Exodus 23:14-17. 14 “Three times in the year you shall keep a feast to me. 15 You shall keep the Feast of Unleavened Bread. As I commanded you, you shall eat unleavened bread for seven days at the appointed time in the month of Abib, for in it you came out of Egypt. None shall appear before me empty-handed. 16 You shall keep the Feast of Harvest, of the firstfruits of your labor, of what you sow in the field. You shall keep the Feast of Ingathering at the end of the year, when you gather in from the field the fruit of your labor. 17 Three times in the year shall all your males appear before the Lord God.
1 Peter 2:9. But you are a chosen race, a royal priesthood, a holy nation, a people for his own possession, that you may proclaim the excellencies of him who called you out of darkness into his marvelous light.
God created us to celebrate! To celebrate God and his life giving grace. We were all made for praise and worship. Worship through our work, but also worship through our rest. Slavery in Egypt messed all that up for the Hebrews. Their work was a twisted worship of man (Pharaoh) and there was no rest. No celebration of God’s grace. But in Christ praise, worship, and celebration have been restored to us.
1 Peter says God saved us so that we could praise him. He possesses us so that we might proclaim his excellencies. The world needs to know that there is a saving God, a God of grace and mercy who wants to rescue them. For the Hebrews it was no different. God saved them from slavery, made them his own people, possession, and priesthood and then said “OK let’s get celebrating!” How? With three really big feasts. The Feast of Unleavened Bread, the Feast of Harvest, and the Feast of Ingathering.
These feasts were yearly rhythms of Sabbath rest. Just like the weekly rhythm of Sabbath rest that God built into their lives, these festivals would allow the people to pause and reflect on God and his goodness toward them.
This might help get you in the celebration mood.
The Feast of Unleavened Bread. This Springtime feast was directly connected to Passover, the night God spared the Hebrew people from death when he saw the blood of the lamb on the doorposts. On that night they ate unleavened bread. So now every year for a week they would eat no leaven. This was a celebration of God’s great liberation. But it was also a holiness celebration. During this feast each Hebrew home would be meticulously purged of all leaven – a symbol of sin.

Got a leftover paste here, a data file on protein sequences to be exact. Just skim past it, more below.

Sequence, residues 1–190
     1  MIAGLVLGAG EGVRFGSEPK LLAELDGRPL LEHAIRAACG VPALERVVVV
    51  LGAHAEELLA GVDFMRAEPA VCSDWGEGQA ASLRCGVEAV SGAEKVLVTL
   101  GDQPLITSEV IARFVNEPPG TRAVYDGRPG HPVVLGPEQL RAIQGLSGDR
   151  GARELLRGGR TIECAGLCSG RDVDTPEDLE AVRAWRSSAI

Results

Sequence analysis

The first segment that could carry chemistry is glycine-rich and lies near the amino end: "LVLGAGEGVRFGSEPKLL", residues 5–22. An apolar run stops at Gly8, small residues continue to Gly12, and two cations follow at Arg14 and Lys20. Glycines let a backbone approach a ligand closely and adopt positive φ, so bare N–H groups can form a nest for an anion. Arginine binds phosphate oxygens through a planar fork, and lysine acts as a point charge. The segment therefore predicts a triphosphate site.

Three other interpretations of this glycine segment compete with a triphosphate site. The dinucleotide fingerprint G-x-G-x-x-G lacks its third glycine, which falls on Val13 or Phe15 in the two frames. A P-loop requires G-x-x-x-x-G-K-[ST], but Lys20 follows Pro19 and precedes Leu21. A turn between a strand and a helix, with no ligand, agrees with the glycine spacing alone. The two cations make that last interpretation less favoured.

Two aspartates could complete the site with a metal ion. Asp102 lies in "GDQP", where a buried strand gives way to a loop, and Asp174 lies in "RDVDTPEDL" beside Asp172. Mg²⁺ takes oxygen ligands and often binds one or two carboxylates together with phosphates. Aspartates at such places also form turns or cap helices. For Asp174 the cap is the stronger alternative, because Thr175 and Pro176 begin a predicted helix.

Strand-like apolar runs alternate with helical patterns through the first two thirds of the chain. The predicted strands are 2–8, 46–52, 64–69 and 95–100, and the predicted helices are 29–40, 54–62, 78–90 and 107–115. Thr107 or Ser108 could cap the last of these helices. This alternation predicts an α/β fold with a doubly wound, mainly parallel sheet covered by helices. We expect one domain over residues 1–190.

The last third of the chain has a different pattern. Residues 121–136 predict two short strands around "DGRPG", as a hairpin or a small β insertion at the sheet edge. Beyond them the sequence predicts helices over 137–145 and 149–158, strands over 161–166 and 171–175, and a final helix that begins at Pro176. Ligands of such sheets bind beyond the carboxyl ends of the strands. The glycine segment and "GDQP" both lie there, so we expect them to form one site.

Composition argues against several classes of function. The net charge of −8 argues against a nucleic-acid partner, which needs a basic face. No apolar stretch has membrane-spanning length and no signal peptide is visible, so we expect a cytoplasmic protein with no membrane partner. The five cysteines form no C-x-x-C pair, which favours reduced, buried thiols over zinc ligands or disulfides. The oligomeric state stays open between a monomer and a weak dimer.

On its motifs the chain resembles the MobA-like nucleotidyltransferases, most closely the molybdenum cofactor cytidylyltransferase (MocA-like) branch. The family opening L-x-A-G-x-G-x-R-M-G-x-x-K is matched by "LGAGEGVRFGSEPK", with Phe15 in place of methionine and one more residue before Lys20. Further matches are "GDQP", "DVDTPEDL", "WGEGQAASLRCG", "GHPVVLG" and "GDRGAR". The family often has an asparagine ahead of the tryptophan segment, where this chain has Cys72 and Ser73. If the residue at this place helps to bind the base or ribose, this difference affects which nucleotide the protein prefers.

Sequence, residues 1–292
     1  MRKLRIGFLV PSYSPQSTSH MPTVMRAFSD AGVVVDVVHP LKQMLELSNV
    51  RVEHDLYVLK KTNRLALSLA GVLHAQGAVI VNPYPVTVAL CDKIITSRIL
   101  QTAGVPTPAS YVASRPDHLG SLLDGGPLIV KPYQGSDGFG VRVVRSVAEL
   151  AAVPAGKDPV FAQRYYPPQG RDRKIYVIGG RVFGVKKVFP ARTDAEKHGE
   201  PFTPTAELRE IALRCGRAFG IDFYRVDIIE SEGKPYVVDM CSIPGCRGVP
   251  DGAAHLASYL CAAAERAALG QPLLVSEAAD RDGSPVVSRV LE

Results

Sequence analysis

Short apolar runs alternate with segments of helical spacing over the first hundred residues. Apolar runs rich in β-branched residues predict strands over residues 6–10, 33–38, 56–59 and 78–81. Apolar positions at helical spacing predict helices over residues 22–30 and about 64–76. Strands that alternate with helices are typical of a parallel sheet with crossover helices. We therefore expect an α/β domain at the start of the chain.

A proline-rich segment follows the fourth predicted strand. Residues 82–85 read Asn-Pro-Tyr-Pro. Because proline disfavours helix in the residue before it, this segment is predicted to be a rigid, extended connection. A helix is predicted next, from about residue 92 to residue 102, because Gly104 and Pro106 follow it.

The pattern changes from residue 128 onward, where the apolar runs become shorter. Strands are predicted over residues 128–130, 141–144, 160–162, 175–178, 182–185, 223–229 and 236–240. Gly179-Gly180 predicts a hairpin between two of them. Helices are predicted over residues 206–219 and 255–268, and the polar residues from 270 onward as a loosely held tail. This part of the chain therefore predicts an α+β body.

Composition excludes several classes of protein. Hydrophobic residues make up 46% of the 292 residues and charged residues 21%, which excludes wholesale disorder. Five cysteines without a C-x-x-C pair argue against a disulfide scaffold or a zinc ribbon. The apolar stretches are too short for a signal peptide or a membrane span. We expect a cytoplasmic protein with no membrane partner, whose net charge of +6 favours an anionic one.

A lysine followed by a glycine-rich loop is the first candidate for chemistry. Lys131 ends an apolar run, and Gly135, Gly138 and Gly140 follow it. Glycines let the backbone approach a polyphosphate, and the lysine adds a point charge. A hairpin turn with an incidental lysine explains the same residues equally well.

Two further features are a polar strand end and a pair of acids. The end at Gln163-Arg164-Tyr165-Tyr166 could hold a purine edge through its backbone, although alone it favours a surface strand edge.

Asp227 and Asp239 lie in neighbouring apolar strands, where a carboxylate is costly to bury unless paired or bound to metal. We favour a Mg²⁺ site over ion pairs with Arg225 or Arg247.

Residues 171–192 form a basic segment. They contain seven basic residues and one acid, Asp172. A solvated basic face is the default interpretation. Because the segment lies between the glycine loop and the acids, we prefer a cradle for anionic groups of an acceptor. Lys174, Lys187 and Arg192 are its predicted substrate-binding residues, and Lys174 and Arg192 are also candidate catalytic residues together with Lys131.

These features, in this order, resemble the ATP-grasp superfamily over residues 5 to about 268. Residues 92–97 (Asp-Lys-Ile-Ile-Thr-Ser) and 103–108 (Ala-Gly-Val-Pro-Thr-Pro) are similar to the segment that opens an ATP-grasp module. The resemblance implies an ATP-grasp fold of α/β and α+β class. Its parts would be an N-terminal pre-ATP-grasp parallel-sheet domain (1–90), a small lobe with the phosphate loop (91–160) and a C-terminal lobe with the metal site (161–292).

1 Corinthians 5:7-8. 7 Cleanse out the old leaven that you may be a new lump, as you really are unleavened. For Christ, our Passover lamb, has been sacrificed. 8 Let us therefore celebrate the festival, not with the old leaven, the leaven of malice and evil, but with the unleavened bread of sincerity and truth.
I love how Paul says it – cleanse out the old leaven because you really are unleavened. That’s union with Christ! In Christ, our Passover Lamb, we are unleavened. So now clean out your leaven. In Christ you are holy. So now clean out your unholiness. What grace!
Why not pause today and celebrate the Feast of Unleavened Bread in your heart today. Celebrate your salvation from sin and celebrate the holiness you have been graciously granted in Christ.
The Feast of Harvest. You might know this one as Pentecost. This Summertime feast happened 50 days after Passover. It celebrated the fullness of the harvest. Each year when the “firstfruits” of the harvest came in a sheaf of grain would be waved before the Lord in praise because they knew the full harvest would soon follow. Then seven weeks later the harvest would come and a huge party would follow. It was a joyful time following the somber mood of Unleavened Bread.
Jesus is the “firstfruit.” In his crucifixion the seed was planted. In his resurrection the firstfruit sprung to life. At Pentecost the full harvest of new life came as the Spirit reaped the harvest of the Church.
Christian, you are the Feast of Harvest! Because Jesus was raised (firstfruit) you will be raised (harvest). There is no doubt.
1 Corinthians 15:20. But in fact Christ has been raised from the dead, the firstfruits of those who have fallen asleep.
Why not pause and celebrate the Feast of Harvest in your heart today. Celebrate the new life inside of you and the resurrection life that awaits you.
The Feast of Ingathering. This Fall feast was also called the Feast of Booths. The harvest has all been gathered and the people celebrated by living in tents or booths for a week. I know this one sounds strange but it was meant to remind them of their Exodus experience and their time in the wilderness when they lived in tents. It celebrated how God never left them and guided them with his glorious light in the desert. God even tented (tabernacled) among them as he brought them to a land where they could live in his covenant blessings forever.
Jesus became a booth for us. When he took on flesh he tabernacled or “boothed” among us (John 1:14). Now, through our union with Christ, he is our booth. Our tent. We are IN CHRIST. And, get this, we are his booth. CHRIST is IN US. We are his tent. His temple. Jesus is “boothing” in us until that day when we make our way to the land of promise.
Why not pause and celebrate the Feast of Booths in your heart today? Celebrate that you have been gathered into Christ and that he dwells in you.
“To live is Christ” means that you are the Unleavened Bread of God. You are holy. You are the Harvest of God. You have new life. You are the Booth of God. His dwelling. So celebrate. Celebrate in the wilderness of this life. Celebrate a greater life yet to come.